Uranium Mining and Nuclear Industry Outlook


"The potential outlook for the uranium mining and broader nuclear industry suggest a muted positive context."

The potential outlook for the uranium mining and broader nuclear industry suggest a muted positive context for some analysts and industry observers that could be worth noting for investors.

Rob Chang, Metals and Mining Analyst of Versant Partners, commented on the global uranium market in a recent uranium sector coverage industry update. Revealing a bullish position on the nascent signs of future potential, "We view the current scenario as the point of maximum pessimism for nuclear and the uranium industry."

In an exclusive interview with Uranium Investing News, Mikhail Safin, Equity Research Analyst at Renaissance Capital explained, "in the uranium mining industry currently we are observing the consequences of the accident in Fukushima. Uranium prices are continuing to decrease on the news of a shutdown of nuclear reactors in some countries and expectations that many countries will decrease their nuclear programs. Expectations of contraction of economic growth could increase these effects due to slower economic growth which will lead to less requirements in energy and consequently in uranium."

Equity Markets Tepid

The World Uranium Index serving as an indicator for the top ten global producers of uranium has declined 35.5% since the start of the year and down 33.3% since March 11, posting a negative return of 12.0 percent over the past 12 months. The Global X Uranium ETF (NYSE:URA) indicates further weakness for the broader sector with additional exposure to some of the uranium exploration and development equities declining 47.3% since March 11.

Fundamentals Largely Unchanged

Outside of the pervasive global economic weakness there does not appear to be a foreseeable negative catalyst with a primary requirement for secure and reliable power and electricity contributing to a strong economic moat for the industry. Last year the fuel demands of 442 nuclear reactors in operation required 68.6 thousand tons of uranium which was met with the production of 53.6 thousand tons of uranium. The shortfall sourced from downblended uranium from Russian nuclear warheads as part of a relatively high cost program which is expected not to be renewed at the end of its 2013 term.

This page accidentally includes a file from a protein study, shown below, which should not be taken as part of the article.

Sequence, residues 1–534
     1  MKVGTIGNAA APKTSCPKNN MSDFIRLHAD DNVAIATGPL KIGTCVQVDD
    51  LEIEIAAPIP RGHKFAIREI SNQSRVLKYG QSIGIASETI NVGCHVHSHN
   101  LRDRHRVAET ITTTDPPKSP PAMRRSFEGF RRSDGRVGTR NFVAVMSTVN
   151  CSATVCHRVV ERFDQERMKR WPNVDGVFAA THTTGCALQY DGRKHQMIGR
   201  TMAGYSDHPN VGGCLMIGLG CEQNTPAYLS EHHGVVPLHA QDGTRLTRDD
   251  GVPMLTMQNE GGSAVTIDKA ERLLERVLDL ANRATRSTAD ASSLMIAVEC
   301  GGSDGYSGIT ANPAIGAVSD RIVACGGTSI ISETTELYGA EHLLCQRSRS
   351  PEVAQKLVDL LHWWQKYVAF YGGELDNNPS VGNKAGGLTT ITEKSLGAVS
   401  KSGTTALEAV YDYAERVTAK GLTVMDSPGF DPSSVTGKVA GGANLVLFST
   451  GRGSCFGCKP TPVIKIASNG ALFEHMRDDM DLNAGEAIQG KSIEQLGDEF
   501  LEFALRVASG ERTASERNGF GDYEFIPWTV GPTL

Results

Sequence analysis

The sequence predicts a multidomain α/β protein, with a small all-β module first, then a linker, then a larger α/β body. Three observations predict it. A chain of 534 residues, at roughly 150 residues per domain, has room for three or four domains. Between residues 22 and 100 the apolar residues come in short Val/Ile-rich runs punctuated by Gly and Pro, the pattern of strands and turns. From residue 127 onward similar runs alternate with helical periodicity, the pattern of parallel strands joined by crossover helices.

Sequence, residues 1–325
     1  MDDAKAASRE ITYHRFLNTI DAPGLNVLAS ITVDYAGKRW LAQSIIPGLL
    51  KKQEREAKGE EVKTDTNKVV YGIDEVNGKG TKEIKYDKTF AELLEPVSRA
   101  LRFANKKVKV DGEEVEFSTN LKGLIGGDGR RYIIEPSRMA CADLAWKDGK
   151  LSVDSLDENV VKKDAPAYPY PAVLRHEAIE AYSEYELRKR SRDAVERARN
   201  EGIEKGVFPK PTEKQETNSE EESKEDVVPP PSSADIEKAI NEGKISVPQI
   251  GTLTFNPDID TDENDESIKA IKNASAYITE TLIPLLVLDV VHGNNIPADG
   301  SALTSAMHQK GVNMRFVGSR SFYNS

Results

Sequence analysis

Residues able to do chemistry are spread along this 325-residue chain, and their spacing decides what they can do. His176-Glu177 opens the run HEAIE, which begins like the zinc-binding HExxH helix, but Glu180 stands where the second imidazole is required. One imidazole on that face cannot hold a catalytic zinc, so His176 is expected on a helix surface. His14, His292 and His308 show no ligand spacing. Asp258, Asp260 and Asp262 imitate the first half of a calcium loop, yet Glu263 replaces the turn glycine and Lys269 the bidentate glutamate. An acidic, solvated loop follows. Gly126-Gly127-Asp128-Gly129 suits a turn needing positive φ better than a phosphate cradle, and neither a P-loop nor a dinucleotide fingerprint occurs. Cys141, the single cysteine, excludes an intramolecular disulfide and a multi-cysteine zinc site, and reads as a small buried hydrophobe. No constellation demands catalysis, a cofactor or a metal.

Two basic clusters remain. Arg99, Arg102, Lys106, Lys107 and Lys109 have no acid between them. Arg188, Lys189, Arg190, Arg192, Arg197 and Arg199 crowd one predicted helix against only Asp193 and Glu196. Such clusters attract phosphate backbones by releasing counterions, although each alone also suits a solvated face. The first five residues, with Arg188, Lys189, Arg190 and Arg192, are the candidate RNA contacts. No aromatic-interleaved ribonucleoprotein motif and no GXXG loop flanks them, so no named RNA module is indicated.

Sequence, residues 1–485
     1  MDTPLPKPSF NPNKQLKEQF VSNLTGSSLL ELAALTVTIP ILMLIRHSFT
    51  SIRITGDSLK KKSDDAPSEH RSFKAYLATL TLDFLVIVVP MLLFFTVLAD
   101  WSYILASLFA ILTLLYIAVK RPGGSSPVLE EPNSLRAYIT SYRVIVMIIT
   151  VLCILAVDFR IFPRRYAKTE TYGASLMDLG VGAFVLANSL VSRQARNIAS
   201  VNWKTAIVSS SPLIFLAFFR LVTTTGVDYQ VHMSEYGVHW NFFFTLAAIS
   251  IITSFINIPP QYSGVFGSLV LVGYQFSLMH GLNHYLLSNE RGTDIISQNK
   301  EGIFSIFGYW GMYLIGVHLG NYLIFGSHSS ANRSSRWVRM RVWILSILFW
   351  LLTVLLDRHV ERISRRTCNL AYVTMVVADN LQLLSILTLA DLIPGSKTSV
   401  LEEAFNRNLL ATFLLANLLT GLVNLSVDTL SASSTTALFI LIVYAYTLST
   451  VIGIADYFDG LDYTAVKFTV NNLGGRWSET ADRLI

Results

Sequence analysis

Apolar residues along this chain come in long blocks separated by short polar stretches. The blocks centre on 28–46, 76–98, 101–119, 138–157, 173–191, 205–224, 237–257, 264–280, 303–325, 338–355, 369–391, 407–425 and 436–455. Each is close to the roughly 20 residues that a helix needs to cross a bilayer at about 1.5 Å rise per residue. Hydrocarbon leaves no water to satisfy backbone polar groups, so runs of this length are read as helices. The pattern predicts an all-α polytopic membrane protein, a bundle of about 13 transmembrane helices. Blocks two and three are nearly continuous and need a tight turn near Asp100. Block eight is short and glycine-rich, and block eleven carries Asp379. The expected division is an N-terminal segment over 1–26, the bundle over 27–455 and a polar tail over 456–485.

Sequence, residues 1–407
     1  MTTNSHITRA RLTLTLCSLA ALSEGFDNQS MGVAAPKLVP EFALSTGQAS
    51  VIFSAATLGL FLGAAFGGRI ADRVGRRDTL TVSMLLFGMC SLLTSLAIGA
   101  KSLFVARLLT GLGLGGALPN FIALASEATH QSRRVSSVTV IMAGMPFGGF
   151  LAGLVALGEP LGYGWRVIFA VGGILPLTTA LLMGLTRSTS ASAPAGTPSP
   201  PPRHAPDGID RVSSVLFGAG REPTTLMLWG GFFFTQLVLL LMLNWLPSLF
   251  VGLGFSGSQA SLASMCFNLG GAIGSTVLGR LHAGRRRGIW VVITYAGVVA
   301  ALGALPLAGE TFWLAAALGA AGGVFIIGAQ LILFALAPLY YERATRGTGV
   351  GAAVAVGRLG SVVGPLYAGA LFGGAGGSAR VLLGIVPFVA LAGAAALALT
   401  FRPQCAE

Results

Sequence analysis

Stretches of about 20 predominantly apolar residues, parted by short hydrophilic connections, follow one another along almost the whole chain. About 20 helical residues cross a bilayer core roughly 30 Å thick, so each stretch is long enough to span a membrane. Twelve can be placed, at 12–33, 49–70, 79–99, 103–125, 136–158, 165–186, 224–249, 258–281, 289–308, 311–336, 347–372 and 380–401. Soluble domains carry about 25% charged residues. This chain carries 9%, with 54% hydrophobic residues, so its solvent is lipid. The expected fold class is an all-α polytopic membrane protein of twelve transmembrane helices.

Debate in Japan and election discussion in France has brought some observers to question a potential nuclear retreat firmly into focus, with recent progress on the later country's offshore wind plans fueling further speculation. Germany, Italy and Switzerland have made policy decisions which are not positive for the industry; however, these three countries combined represent a relatively small proportion of global demand for uranium totaling approximately 5.8% of annual requirements.

Spot Market Uranium Prices Demonstrating Caution

According to TradeTech consultants, the spot market uranium price is $48.85 per pound, approaching the range it was trading at immediately following the mid March sudden decline when the spot uranium price plunged to $49.00 per pound. Immediately prior to the earthquake and tsunami, the spot market uranium price had been trading at a 12 month high of $67.75 per pound. The long term contract uranium price is relatively stable, and is currently $64.50 per pound, down from its price at the end of May around $68.00 per pound and the end of February at $73.00 per pound.

According to a recent Resource Capital Research report, the firm expects spot market prices of uranium to experience downward pressure in the near term. The report establishes a 3 to 6 month fund implied price, of approximately $45.85 per pound of uranium, reflecting the expectation of prospective additional sources entering the market in the second half of this year from producers. They also suggest a level of uncertainty over the potential surplus disposition from utilities operators in Japan and Germany.

Primary Long Term Prospects Intact

As a result of the earthquake and tsunami at Japan's Fukushima Daiichi nuclear complex, China's State Council said on March 16 that it would temporarily suspend approvals of new nuclear power stations pending comprehensive safety inspections at all nuclear plants, including those under construction. Last month, the China Nuclear Energy Association announced that it had already completed a nationwide safety inspection of nuclear plants on August 5th, one month ahead of its expected schedule. This has provided some speculation by observers and industry stakeholders that the Chinese are intending to resume nuclear plant approvals, which had previously been suspended.

Safin believes, "Fortunately, the main driver for the uranium market is the Chinese economy which will continue to increase strongly in the future. Currently China is constructing 26 nuclear reactors, 42% of global construction. Currently there is no real substitution for nuclear energy in the fast growing Chinese economy. Also we believe that Russia and India will continue to construct their reactors, 16 units in total. So, nuclear energy has a strong perspective in the long term, in our view, while in 2011 and early 2012 it is possible some (short term) weaknesses." -Uranium Investing News

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